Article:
NCSS names Todd Bauman executive director

first_imgVermont Business Magazine On March 1, 2017, the Board of Directors of Northwestern Counseling & Support Services, Inc (NCSS) selected Todd Bauman as the agency’s next executive director. Starting in July, Bauman will follow in the footsteps of Ted Mable, who has served as the agency’s leader since 1998. Bauman was recommended to the Board of Directors by the hiring committee after a nationwide search and vigorous review of 68 applications. Bauman’s 28-year career in mental health and government—12 of which have been at NCSS as the director of Children, Youth & Family Services—has more than prepared Bauman to lead the organization.As director of Children, Youth & Family Services, Bauman oversees 280 employees providing developmental, mental health, and substance abuse supports to the people of Franklin and Grand Isle Counties. When Bauman began as director in 2005, the division employed 60 people. Bauman’s collaboration with community and state partners has allowed for the development of programs that serve children diagnosed with Autism; provide mobile outreach to children in crisis; meet the treatment needs of adolescents struggling with substance abuse; and provide home-based supports to new mothers.  In addition, Bauman has collaborated closely with area schools to develop positive behavioral supports that promote a culture of wellness. Bauman’s ability to collaborate with community partners has allowed for innovative approaches to the way families access and receive services.  Before coming to NCSS, Bauman worked as Operations Chief for five years at the Vermont Department of Mental Health. He was responsible for bringing local teams together to promote community partnerships with the goal of providing an effective children’s behavioral health service delivery system. While in this role, Bauman developed structures to assess outcomes and aggregate data across the Vermont system of care. Prior to working for the Vermont Department of Mental Health, Bauman was a crisis clinician through the Howard Center and managed a residential emergency and assessment program.Bauman’s vast clinical experience and education—he has a master’s in clinical psychology from Saint Michael’s College—is only part of what made him an ideal candidate for the role of executive director. Bauman is an experienced public speaker in a variety of settings, including academia and government; he will be a powerful and much needed voice for NCSS.Bauman is also dedicated to his family including his wife Nicole, and two teenage children, Abigail and Owen. Both children belong to regional youth dance groups; he and Nicole spend much of their free time attending their performances. Bauman also enjoys camping, skiing, baseball and spending time with parents, who recently moved to the area.Since 1958, Northwestern Counseling & Support Services, Inc, a private, non-profit, human services agency has been serving Franklin and Grand Isle Counties.  NCSS provides intervention and support to children, adolescents, and adults with emotional and behavioral problems; a mental illness diagnosis; an intellectual disability or developmental delay.Bauman is poised to lead NCSS forward in the future so that it can continue to provide high quality services that produce excellent outcomes.Source: St. Albans – NCSS March 16, 2017last_img read more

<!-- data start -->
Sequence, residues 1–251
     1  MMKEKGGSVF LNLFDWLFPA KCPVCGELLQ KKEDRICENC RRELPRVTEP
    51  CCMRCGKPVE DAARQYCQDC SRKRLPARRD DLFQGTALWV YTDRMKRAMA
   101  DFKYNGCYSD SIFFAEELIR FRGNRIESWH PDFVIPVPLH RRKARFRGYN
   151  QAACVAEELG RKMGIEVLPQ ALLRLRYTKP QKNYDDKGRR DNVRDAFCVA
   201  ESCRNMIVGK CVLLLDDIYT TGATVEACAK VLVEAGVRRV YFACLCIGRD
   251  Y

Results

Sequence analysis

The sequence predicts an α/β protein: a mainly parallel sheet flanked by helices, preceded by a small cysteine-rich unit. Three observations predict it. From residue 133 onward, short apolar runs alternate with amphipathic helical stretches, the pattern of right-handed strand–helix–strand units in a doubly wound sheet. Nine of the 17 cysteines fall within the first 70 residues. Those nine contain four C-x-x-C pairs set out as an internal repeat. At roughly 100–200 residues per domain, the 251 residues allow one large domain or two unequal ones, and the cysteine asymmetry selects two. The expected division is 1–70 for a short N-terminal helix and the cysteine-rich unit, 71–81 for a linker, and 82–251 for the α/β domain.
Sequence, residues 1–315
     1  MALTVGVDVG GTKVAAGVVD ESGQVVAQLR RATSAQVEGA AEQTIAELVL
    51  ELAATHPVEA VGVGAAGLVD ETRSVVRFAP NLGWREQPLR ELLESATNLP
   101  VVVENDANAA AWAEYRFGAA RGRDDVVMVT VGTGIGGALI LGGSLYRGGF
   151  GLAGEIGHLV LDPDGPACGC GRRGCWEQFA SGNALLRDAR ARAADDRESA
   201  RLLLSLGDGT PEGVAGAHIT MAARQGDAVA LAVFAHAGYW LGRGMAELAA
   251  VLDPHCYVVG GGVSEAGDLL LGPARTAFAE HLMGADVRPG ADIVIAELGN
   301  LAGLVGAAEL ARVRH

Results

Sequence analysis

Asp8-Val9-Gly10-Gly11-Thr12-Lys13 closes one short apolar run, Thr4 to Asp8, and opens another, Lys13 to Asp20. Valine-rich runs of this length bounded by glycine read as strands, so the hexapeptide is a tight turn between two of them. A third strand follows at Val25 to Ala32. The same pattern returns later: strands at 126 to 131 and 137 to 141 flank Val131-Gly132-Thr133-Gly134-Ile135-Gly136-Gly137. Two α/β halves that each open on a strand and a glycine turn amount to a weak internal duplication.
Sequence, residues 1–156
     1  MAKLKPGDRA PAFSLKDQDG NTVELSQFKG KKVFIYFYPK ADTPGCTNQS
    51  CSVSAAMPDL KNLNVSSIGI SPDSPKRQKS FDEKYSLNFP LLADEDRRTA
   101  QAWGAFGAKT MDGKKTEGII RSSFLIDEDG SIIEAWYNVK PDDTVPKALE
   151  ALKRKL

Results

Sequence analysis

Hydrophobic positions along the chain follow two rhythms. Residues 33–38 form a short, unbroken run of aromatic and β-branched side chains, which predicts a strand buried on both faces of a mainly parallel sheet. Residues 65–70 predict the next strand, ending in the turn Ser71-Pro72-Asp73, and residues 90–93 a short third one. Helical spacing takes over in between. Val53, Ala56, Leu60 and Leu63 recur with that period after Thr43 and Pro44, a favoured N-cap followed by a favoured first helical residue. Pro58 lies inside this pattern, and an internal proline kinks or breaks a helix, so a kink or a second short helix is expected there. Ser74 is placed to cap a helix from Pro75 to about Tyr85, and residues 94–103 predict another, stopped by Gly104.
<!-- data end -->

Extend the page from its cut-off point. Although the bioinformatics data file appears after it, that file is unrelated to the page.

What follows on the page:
Death toll in ambulance-car bombing claimed by Taliban rises to 95 with more than 150 injured

first_img Related iStock/Thinkstock(KABUL, Afghanistan) — A powerful suicide car bomb rocked Afghanistan’s capital Saturday morning, killing at least 95 people and injuring 158, according to Wahidullah Majrooh, a spokesman for the country’s health ministry.The Taliban claimed responsibility for the insurgent attack in Kabul, which is the deadliest in the country so far this year.Police in Kabul said the explosion occurred near the entrance to the government’s former interior ministry building at the end of Chicken Street, a popular thoroughfare for shopping. The attacker was driving an ambulance, according to the Afghan interior ministry.“I was in my shop. I heard a big boom,” Haji Wali, a shopkeeper told ABC News. “I came out and helped the people wounded. There were many people wounded. People are still laying down on the footpaths close to shops.”Thick, dark smoke was seen billowing into the sky after the blast.Emergency Hospital, on the front line of trauma care in Afghanistan and run by an Italian charity, said it received at least 50 injured victims.“I helped and moved around 50 to 60 wounded people myself,” a man on the street named Parwaiz Ihsan told ABC News. “I just came back but there are many dead bodies still laying down there; we couldn’t move them.”Afghanistan’s chief executive, Abdullah Abdullah, decried the attack as “insane, inhuman, heinous and a war crime” via his official Twitter account. He also urged the international community to “take further action against state sponsored terrorism.”Abdullah tweeted, “Our priority and focus right now is to help those in need and provide the best treatment for those wounded. This is the moment when we all need to stand together and punch our enemy hard. This is enough!”U.S. Ambassador to Afghanistan John Bass also condemned Saturday’s attack, describing it as a “senseless and cowardly bombing.”“My government and I stand with the brave people of Afghanistan,” Bass said in a statement. “Their work to create a peaceful, prosperous future for all the citizens of this country is the best response to terrorists and others who know only violence.” Copyright © 2018, ABC Radio. All rights reserved.Powered by WPeMaticolast_img read more